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Revision as of 17:13, 6 October 2015 by (Talk | contribs) (Transformation rules)

Usage of the VIATRA-DSE API

This page presents the basic API of the VIATRA-DSE framework. After reading this you will be able to define a DSE problem including transformation rules and objectives, run it with different built in strategies and use the solutions the exploration found.

It is highly recommended to get familiar with the EMF and EMF-IncQuery frameworks first as they are essential for using VIATRA-DSE.


VIATRA-DSE depends on the Eclipse platform thus using it one should create a plug-in project and add the org.eclipse.viatra.dse.base plug-in as a dependency for the plug-in project. To start using the framework type this line of code:

DesignSpaceExplorer dse = new DesignSpaceExplorer();

Defining the domain

The first thing required is a metamodel or ecore model created with EMF and an initial model. See the code below.

EObject root = createInitialModel();

The initial model must be set as the root EObject of the model (i.e.: it contains all other objects of the model via the containment hierarchy). In the future Resource and ResourceSet may be supported as well.

Transformation rules

Rules tell the engine how the initial model can be modified and treated as atomic steps. They consist of a left hand side (LHS or condition) and a right hand side (RHS). The LHS is always an IncQuery pattern (i.e. a model query) while the RHS is simple Java code. To define such a rule an instance of the DSETransformationRule class must be created.

Let's say a pattern named myPattern with two parameters is already available and can be used as a LHS.

DSETransformationRule<MyPatternMatch, MyPatternMatcher> rule = 
    new DSETransformationRule<MyPatternMatch, MyPatternMatcher>(
        MyPatternQuerySpecification.instance(), new MyPatternMatchProcessor() {
        public void process(ExampleEObject p1, ExampleEObject p2) {
            // RHS manipulates the EMF model

Note 1: A rule can also have a name via the "setName(String)" method.

Note 2: It's forbidden to apply two rules with the same LHS to be able to distinguish them based on the pattern. If two rules would use the same LHS, creating a new pattern and using the IncQuery keyword find can avoid code duplication.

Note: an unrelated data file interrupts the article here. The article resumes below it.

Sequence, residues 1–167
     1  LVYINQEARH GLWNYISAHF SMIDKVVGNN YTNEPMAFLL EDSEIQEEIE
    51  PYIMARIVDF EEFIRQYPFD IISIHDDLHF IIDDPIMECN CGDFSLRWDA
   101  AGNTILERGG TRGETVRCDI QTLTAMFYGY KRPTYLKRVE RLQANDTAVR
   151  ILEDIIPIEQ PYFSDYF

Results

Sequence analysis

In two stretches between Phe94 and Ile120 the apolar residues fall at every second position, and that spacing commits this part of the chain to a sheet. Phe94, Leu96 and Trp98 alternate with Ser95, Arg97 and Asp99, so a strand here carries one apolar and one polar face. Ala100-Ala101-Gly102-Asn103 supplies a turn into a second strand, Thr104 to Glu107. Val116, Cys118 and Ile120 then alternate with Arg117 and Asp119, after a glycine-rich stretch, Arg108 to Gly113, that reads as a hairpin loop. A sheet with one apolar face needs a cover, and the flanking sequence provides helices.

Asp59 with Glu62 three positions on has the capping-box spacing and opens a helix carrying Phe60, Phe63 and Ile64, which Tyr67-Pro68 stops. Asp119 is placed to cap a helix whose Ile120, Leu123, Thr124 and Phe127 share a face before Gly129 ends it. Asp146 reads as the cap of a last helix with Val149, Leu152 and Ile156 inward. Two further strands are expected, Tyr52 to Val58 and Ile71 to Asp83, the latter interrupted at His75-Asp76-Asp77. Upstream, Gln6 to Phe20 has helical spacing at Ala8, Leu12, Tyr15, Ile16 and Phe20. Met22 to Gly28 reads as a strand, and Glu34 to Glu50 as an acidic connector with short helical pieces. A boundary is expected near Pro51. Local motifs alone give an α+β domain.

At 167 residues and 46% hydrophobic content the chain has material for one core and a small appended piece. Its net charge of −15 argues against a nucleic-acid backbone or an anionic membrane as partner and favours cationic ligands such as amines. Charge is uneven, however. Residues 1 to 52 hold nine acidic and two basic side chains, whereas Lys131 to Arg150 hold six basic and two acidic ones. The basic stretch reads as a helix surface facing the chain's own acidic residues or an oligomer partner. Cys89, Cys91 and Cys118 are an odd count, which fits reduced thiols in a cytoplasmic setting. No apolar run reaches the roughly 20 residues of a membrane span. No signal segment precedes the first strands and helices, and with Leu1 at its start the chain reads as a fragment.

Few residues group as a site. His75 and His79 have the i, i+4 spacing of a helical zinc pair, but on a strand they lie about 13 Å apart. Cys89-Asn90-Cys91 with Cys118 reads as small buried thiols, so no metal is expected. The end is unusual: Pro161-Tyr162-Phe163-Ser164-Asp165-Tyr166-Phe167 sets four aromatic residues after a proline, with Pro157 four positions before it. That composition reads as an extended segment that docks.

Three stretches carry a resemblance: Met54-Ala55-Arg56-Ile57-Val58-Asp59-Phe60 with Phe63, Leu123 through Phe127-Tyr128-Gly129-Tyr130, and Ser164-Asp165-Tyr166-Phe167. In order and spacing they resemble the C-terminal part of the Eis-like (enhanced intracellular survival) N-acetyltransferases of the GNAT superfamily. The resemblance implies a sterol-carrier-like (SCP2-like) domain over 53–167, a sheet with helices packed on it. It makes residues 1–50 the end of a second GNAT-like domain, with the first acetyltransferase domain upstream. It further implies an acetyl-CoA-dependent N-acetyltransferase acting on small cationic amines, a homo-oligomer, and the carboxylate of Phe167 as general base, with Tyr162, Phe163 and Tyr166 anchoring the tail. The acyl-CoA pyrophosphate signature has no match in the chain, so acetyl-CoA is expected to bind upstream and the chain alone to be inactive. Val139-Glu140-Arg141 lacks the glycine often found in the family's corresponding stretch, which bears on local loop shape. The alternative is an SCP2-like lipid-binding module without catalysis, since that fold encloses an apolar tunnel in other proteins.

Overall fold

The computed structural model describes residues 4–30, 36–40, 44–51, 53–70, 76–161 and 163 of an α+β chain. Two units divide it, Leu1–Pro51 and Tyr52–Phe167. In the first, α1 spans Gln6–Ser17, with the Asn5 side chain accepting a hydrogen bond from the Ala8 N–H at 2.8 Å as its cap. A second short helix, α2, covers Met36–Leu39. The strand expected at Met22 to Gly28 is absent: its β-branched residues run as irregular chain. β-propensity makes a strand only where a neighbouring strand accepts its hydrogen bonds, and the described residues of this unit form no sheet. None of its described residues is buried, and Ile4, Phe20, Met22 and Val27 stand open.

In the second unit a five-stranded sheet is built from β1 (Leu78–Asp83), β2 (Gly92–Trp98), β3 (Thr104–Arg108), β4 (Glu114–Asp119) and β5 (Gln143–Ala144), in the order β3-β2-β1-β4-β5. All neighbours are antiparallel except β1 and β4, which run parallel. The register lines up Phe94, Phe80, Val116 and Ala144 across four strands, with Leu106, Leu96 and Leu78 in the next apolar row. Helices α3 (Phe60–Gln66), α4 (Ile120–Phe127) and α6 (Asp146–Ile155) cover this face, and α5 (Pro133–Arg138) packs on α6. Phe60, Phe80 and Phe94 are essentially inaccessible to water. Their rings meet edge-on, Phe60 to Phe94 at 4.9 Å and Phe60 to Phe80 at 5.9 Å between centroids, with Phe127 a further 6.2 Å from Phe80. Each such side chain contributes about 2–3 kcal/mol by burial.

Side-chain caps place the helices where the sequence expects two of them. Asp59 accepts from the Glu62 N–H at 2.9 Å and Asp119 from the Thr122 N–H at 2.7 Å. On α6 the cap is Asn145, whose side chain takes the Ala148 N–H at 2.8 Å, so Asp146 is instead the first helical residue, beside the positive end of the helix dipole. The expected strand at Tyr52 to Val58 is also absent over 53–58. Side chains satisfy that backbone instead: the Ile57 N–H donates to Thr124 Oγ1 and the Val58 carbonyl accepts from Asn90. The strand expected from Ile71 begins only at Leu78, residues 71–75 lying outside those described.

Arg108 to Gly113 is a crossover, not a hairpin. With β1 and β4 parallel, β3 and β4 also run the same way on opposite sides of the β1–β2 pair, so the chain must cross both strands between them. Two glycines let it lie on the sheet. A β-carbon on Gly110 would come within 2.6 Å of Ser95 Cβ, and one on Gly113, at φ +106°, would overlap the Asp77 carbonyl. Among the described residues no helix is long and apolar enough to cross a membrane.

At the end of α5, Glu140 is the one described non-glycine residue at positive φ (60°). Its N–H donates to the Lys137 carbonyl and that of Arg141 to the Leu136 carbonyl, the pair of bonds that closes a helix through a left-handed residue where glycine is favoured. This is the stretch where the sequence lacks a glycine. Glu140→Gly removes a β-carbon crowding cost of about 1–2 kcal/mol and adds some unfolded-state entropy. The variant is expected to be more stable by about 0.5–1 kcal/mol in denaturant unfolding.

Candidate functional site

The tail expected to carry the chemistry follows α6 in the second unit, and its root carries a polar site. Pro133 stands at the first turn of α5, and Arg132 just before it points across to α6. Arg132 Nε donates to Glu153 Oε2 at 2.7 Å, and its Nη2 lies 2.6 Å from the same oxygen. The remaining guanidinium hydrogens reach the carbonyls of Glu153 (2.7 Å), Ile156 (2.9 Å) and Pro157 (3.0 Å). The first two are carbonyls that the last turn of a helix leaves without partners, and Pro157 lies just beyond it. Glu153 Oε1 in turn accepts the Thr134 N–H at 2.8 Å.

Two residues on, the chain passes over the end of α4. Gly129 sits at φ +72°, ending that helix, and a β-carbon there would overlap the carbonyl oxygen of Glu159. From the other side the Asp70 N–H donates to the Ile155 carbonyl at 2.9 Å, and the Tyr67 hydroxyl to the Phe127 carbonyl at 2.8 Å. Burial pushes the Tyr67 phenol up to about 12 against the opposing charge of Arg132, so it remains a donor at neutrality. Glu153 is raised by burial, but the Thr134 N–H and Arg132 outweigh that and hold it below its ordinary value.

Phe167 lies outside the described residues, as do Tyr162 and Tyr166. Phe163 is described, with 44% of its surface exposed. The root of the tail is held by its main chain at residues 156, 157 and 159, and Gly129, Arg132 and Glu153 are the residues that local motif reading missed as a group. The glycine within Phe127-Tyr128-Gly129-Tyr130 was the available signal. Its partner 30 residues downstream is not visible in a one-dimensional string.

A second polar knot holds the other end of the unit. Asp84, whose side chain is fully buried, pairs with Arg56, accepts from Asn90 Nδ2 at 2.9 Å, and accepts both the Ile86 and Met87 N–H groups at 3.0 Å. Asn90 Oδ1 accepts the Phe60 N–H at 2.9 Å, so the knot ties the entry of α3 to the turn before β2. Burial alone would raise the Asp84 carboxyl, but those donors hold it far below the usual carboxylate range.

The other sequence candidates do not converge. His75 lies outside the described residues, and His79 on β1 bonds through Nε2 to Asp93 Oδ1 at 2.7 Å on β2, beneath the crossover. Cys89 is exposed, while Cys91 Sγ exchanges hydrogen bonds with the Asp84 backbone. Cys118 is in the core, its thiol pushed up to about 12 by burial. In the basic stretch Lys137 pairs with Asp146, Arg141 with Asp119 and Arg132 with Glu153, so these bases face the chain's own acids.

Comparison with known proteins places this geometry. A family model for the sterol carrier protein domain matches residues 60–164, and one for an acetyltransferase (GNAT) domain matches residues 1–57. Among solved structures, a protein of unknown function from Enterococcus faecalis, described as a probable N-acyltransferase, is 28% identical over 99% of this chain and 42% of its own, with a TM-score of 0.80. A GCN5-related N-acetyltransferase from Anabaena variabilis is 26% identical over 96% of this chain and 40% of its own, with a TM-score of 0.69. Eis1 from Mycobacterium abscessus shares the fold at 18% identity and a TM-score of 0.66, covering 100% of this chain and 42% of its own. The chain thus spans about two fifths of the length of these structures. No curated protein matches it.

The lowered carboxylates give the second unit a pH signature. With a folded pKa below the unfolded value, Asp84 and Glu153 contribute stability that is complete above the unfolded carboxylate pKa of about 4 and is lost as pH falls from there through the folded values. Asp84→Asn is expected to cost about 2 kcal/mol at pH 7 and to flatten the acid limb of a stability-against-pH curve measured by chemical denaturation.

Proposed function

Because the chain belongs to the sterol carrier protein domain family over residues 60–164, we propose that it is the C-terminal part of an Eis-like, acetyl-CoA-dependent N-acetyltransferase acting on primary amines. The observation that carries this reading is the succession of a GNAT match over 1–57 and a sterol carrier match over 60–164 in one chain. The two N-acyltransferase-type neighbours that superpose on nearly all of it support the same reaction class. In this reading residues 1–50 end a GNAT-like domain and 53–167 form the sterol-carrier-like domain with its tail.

Note 3: It's a good practice to use static factory methods in a separate class for creating rules, as the above code can worsen the readability.


Objectives determine the quality of a solution represented in double values. The goal can be a single objective with a binary check (valid or invalid model) or it can consist of multiple numerical objectives giving a multi-objective optimization problem. There are two types of objective: hard and soft. Hard objectives are used to decide whether the solution is valid and can be considered as a usable solution, while soft objectives determine the quality and enables the ordering of the solutions. It is possible to use both types or only one of them.

To use an objective one must implement the IObjective interface, the BaseObjective abstract class or use one of the built in implementations. Objectives are mainly defined by IncQuery patterns, hence the built in implementations are focused on them. ModelQueriesHardObjective is a hard objective implementation, which can be configured with IncQuery patterns. It checks if all of the given patterns have a match in the actual model, and considers it a valid solution only if they have (returning a fitness value 1 and returning 0 if it is invalid). See the following example:

dse.addObjective(new ModelQueriesHardObjective("MyHardObjective")

Calling the .withType(ModelQueryType.NO_MATCH) method will modify the behavior of the objective: it considers a solution valid if there are no matches of the given patterns.

Other built-in objective implementations are:

  • WeightedQueriesSoftObjective - is a soft objective, which can be configured with a list of patterns and weights assigned to them. It calculates a fitness value in the following way: fitness = sum(pattern[i].countMatches() * weight[i])
  • CompositHardObjective - can be configured with a set of hard objectives. It considers a solution valid, if all the hard objectives assess it as a valid solution.